The FIA has confirmed the Halo cockpit protection safety device will be used from the 2018 Formula 1 world championship, after getting the green light in a Strategy Group meeting today.

In what was called an 'extraordinary' Strategy Group meeting involving every F1 team, the FIA and Liberty it was confirmed the Halo safety device will be mandatory for all F1 cars from 2018.

The Halo got backing over the other safety alternatives, including the Shield which debuted on Sebastian Vettel's Ferrari during FP1 of the British Grand Prix but was openly criticised, after the unanimous vote in July 2016 was made to introduce cockpit protection to F1 cars.

The Halo is set to be introduced for the 2018 season and will undergo 'enhanced' design changes and features with assistance coming from F1 teams.

"Having developed and evaluated a large number of devices over the past five years, it had become clear that the Halo presents the best overall safety performance," the FIA statement read.

The Halo was trailed by every F1 driver during the 2016 season in practice sessions and tests and initially received mixed reviews, with Lewis Hamilton claiming he'd 'rip it off' if it was introduced to his car, but a number of drivers have strongly defended the design to improve safety.

The FIA stated the Halo would undergo further design research and development but it hasn't been publicly tested so far in 2017. It is understood teams will begin similar testing of the Halo during the remainder of the year in preparation for its official introduction next year.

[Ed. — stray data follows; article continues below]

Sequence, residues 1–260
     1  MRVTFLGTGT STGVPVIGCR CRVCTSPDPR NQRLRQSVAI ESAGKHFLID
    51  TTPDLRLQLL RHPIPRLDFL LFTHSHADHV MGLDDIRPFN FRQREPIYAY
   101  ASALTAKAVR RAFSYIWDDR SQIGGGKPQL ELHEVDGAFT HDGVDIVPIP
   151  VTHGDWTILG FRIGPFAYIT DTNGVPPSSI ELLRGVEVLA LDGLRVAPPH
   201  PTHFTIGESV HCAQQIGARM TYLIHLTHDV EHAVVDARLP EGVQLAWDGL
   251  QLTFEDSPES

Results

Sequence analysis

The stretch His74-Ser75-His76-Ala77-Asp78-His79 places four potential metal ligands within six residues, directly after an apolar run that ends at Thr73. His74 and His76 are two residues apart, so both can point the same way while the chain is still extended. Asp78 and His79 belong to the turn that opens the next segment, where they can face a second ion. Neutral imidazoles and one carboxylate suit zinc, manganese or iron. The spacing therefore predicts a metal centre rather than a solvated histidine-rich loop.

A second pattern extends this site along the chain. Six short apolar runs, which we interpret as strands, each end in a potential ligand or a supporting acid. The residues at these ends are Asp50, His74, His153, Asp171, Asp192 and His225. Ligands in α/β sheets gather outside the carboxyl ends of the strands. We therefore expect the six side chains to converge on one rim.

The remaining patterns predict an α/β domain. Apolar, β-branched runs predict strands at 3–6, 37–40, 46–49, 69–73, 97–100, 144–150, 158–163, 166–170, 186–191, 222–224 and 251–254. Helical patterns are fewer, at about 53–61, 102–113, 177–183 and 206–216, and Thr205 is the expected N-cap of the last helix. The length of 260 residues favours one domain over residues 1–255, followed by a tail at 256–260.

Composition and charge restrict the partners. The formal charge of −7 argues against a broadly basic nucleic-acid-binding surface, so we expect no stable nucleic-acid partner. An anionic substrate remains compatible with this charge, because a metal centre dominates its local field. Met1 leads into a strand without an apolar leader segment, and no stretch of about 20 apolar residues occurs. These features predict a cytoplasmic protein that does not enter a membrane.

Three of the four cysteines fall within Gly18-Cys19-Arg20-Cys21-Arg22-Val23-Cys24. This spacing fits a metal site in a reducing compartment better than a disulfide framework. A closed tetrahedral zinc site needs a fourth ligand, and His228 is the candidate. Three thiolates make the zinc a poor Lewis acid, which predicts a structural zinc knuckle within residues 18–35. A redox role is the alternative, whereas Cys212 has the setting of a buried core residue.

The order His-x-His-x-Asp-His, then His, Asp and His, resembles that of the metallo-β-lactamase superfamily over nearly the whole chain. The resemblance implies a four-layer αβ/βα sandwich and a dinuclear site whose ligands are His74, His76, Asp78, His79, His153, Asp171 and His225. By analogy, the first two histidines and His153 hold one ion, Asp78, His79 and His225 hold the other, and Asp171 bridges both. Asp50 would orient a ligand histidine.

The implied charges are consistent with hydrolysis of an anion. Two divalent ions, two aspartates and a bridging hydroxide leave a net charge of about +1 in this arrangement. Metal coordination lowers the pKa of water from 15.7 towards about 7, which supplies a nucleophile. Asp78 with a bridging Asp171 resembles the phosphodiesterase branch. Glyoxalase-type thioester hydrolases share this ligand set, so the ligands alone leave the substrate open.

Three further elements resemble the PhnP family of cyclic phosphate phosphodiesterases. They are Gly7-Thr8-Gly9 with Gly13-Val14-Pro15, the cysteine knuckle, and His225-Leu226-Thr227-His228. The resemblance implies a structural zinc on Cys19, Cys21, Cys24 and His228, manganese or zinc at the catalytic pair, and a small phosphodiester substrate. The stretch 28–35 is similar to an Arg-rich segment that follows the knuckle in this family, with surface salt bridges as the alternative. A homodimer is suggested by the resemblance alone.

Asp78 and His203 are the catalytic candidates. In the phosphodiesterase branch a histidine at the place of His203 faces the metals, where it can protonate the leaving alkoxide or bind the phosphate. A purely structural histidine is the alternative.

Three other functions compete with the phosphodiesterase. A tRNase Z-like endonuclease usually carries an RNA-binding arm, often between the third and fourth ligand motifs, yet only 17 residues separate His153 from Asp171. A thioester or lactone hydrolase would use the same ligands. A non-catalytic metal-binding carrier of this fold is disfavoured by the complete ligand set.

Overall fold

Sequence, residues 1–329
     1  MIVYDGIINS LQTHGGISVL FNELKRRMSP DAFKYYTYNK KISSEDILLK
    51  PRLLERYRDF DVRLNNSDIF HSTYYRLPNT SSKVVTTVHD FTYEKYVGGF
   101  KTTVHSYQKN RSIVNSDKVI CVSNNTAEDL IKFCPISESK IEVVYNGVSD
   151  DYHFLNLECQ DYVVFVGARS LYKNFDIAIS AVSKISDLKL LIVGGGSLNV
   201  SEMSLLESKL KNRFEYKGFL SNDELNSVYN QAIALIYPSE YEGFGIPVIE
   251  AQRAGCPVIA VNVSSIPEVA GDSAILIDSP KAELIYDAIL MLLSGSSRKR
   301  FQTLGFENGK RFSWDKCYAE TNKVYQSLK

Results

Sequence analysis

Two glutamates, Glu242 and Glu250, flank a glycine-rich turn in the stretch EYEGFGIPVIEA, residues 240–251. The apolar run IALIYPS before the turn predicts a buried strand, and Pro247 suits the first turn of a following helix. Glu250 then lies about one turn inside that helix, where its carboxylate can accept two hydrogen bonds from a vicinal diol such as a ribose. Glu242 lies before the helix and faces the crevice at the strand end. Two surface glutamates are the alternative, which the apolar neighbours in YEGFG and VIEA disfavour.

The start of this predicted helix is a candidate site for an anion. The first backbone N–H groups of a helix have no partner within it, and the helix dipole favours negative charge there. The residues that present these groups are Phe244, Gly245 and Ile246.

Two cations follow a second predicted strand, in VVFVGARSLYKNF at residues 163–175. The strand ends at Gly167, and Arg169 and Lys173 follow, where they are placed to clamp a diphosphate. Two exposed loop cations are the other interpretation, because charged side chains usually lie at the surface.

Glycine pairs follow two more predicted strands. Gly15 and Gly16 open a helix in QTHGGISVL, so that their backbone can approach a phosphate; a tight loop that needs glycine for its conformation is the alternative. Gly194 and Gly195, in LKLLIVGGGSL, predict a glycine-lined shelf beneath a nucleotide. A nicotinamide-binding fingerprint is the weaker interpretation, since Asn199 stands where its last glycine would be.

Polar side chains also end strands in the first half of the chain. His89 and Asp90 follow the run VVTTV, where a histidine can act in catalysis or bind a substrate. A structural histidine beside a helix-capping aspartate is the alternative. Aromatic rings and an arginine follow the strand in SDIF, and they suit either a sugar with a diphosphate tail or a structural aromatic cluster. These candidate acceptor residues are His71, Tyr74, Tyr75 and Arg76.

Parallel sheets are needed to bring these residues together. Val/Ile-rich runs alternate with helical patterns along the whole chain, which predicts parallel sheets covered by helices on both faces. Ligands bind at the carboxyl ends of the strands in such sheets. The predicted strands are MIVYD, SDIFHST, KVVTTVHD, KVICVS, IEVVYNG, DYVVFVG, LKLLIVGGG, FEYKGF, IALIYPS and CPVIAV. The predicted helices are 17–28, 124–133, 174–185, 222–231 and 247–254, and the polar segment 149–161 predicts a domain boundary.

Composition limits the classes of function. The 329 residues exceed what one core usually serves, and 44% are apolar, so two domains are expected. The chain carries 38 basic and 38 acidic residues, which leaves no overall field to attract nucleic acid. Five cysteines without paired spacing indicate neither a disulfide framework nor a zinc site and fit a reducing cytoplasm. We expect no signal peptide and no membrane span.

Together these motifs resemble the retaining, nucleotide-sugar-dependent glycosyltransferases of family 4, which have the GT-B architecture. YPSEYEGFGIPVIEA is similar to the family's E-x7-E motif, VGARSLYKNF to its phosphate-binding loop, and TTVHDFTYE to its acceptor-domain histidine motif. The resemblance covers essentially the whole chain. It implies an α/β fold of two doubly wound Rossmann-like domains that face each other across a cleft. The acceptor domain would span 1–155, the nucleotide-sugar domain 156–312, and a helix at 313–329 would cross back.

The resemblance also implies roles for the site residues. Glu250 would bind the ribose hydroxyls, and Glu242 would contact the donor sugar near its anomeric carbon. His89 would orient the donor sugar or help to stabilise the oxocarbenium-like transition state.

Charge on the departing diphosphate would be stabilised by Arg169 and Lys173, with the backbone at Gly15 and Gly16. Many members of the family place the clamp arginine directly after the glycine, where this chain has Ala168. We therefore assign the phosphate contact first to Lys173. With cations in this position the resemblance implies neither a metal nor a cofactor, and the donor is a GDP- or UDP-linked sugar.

2021 Power Unit plans

The FIA statement also confirmed every F1 team has been informed of the detailed discussions between 'the bulk of global motor sport power unit manufacturers' which was held last month in Paris, with a further analysis to be completed in time for the next Strategy Group meeting in September.

Cost capping

Controlling the spiralling power unit costs has also been confirmed, with a dedicated group made up of the FIA, F1 teams and Liberty to make the sport sustainable in the future.

Improving the show

The FIA also confirmed a number of sporting measures aimed at improving the show were also debated, with studies to be carried out to assess the ideas.

F1 recently introduced a new project which debuted in London last week ahead of the British Grand Prix called 'F1 Live London'.

The event was considered a success by the sport's heads with every F1 team on show, a special pop concert, F1 demonstration runs on the city streets at Trafalgar Square while every active F1 driver attended - except for Lewis Hamilton which sparked controversy - but still attracted hundreds of thousands of fans.



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